Unexpectedly, what must come finally came.
“Okay, who do you want to stay with, your mother or your father?” asked the judge. I looked at my parents, “Can both of you please think again? I definitely don’t want to do this”. “We’re really sorry we’ve let you down, son, but we’re not a good match. Just say who you want to stay with; whatever you decide, we will still always love you deeply”, cried my mother. This was the most difficult decision I ever faced. Whoever I chose, I was going to hurt one of them. I closed my eyes, thinking over and over, looking for a light at the end of the tunnel. Out of the blue, a brainwave came. I took a deep breath and said at last, “Please, sir, I want to stay with each person for a month. That’s my final decision”. It was the best thing I could bring myself to say. At least it was not going to hurt anyone. And I could still stay with both of my parents.

Abortion - The Most Painful Decision of My Life Essay

3052 Words13 Pages

Abortion - The Most Painful Decision of My Life

I gazed out the thick pane of glass to my left, allowing the fields to go by practically unnoticed. Like I seemed to do so often these days, I reflected back on my life—where I had been and where I was headed.

“Ma’am? Would you care for a beverage?” “Huh? Oh, just water please. Thank you,” I responded. I had become so wrapped up in my own mind that I was unaware of my surroundings. The waitress’s question brought me back to reality, and I grabbed a magazine out of the rack on the back of the seat in front of me. I took a few sips of water as I thumbed through a Family Circle I had just picked up. The speed of the train and the constant hum of the wheels on the…show more content…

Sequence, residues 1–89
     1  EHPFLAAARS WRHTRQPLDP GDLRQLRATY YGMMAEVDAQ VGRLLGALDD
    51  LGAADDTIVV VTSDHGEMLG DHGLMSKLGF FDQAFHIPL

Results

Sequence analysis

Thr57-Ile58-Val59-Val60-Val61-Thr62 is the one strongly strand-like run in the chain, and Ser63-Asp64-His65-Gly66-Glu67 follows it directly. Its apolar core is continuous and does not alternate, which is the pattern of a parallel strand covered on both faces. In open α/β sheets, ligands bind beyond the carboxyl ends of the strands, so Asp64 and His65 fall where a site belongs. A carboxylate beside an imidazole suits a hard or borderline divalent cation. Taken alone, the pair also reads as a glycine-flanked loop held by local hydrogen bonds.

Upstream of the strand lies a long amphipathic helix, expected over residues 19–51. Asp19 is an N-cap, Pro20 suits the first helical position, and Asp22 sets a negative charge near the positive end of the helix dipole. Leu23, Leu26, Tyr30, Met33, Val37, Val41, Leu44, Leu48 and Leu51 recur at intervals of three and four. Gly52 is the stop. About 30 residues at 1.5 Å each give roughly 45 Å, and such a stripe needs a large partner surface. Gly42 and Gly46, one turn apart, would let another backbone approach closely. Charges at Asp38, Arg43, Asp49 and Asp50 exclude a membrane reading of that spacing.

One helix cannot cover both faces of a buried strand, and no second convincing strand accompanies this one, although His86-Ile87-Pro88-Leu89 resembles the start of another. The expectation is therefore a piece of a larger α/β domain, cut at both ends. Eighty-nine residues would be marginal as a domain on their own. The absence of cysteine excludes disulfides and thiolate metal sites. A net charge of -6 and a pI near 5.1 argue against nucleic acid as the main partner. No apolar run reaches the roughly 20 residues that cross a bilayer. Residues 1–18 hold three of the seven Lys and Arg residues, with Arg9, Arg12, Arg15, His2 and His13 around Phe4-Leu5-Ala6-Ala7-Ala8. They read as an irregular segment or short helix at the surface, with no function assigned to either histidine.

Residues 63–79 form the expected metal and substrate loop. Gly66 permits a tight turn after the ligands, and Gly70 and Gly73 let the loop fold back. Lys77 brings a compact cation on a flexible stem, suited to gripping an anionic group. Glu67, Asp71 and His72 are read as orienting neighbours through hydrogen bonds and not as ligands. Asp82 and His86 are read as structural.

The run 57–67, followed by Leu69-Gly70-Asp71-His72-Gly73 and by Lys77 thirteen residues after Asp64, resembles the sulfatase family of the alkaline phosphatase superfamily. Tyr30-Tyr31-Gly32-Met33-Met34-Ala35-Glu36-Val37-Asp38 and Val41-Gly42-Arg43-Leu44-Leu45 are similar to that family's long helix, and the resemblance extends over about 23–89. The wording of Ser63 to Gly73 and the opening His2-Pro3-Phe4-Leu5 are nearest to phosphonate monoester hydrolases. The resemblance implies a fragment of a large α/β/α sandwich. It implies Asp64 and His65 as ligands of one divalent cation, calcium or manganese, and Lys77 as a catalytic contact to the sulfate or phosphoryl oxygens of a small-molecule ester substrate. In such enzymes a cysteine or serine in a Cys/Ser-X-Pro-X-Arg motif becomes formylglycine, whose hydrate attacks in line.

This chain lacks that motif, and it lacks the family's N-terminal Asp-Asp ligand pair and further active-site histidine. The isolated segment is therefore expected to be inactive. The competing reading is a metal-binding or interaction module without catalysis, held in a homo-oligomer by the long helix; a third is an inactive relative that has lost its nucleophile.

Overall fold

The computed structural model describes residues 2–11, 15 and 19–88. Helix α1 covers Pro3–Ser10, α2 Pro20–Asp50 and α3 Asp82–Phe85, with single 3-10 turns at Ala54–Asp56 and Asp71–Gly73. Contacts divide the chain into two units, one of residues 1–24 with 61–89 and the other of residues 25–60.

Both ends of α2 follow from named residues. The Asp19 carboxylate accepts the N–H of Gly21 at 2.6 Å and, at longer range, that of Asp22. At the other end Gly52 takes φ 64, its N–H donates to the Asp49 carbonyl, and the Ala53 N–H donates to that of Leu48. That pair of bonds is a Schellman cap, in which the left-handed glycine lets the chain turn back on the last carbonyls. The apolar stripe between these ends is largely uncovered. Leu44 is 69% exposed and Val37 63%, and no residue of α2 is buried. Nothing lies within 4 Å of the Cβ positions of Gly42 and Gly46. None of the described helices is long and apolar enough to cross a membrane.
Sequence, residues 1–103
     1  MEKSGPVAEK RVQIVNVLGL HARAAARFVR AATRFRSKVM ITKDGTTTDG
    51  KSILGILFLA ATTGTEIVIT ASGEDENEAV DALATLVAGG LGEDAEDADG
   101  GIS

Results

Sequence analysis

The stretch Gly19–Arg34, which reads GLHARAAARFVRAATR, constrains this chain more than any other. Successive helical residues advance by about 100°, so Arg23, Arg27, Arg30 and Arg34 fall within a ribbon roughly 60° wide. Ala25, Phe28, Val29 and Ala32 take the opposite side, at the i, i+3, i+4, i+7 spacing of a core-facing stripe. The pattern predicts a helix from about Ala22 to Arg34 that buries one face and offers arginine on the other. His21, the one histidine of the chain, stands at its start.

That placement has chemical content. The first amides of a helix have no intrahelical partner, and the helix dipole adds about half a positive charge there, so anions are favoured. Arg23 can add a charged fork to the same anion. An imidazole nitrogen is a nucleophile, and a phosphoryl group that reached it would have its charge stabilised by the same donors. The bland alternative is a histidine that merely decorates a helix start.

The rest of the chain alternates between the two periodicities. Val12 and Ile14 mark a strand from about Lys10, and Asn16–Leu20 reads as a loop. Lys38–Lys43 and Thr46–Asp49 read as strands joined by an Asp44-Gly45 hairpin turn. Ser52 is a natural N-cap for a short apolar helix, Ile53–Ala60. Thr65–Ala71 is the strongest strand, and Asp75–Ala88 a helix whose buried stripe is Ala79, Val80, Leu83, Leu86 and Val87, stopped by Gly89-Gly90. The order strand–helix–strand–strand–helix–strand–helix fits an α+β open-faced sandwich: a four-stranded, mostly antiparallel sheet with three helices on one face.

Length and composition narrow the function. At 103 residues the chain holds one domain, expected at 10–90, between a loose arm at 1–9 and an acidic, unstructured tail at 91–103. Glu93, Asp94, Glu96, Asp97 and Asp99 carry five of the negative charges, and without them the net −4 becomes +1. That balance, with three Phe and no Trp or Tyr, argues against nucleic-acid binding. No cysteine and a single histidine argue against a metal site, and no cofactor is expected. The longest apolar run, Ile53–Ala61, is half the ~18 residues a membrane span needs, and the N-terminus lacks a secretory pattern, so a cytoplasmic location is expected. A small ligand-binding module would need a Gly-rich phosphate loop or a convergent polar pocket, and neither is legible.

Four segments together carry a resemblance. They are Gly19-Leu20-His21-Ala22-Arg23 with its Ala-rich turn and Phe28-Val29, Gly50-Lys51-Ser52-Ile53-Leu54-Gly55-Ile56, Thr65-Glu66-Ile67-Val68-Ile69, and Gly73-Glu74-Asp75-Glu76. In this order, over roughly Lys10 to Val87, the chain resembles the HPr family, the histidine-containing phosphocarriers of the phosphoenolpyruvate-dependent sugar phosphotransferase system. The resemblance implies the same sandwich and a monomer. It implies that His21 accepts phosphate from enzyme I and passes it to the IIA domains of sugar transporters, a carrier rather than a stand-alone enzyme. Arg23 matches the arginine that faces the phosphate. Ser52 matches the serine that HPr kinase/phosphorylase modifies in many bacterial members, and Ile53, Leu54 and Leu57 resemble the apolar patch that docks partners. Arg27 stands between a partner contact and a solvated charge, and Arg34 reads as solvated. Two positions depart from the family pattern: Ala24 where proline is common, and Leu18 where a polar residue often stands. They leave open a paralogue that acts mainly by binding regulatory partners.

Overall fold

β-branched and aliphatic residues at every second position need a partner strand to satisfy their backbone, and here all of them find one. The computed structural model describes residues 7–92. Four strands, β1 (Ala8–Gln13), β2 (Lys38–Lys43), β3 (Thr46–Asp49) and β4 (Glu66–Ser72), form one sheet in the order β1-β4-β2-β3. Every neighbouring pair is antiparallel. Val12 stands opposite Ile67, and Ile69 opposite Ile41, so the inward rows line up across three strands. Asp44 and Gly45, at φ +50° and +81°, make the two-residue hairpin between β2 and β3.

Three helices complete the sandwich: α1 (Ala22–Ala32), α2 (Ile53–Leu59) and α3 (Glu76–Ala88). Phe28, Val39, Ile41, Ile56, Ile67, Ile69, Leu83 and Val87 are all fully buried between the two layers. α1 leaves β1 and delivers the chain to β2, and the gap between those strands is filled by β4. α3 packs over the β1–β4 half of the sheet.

I wiped my face with a napkin the stewardess had given me and I gazed out the window again.

I thought back to my wedding day and to the day I met Jeffrey. I first spotted Jeffrey in an economics class during my first year at UC Davis. We sat next to each other at the beginning of the spring quarter and we began to talk. I learned that we were the same age and that we were both economics majors. We became good friends as we helped each other with homework and exams. We signed up for the same economics class for the next quarter, and we kept in touch over the summer. We then became very close friends—in fact, became best friends.

We started dating shortly after the school year began, and our love for each other steadily grew. By the end of our second year at UCD, we decided to marry as soon as we completed our educations. We both finished our undergraduate work in four years; Jeffrey went on to get his masters in business administration at the Graduate School of Management at UCD, while I landed a well-paying job as an operator for MCI. After Jeffrey completed his graduate studies, he went to work for Merrill Lynch as a financial analyst. Before he started working, though, we got married.

June 22, 1987, was the happiest day of my life. We had a beautiful wedding at St. Mary’s College, a small Catholic school in Moraga, California. I remember being the center of attention that

Show More

Leave a Comment

(0 Comments)

Your email address will not be published. Required fields are marked *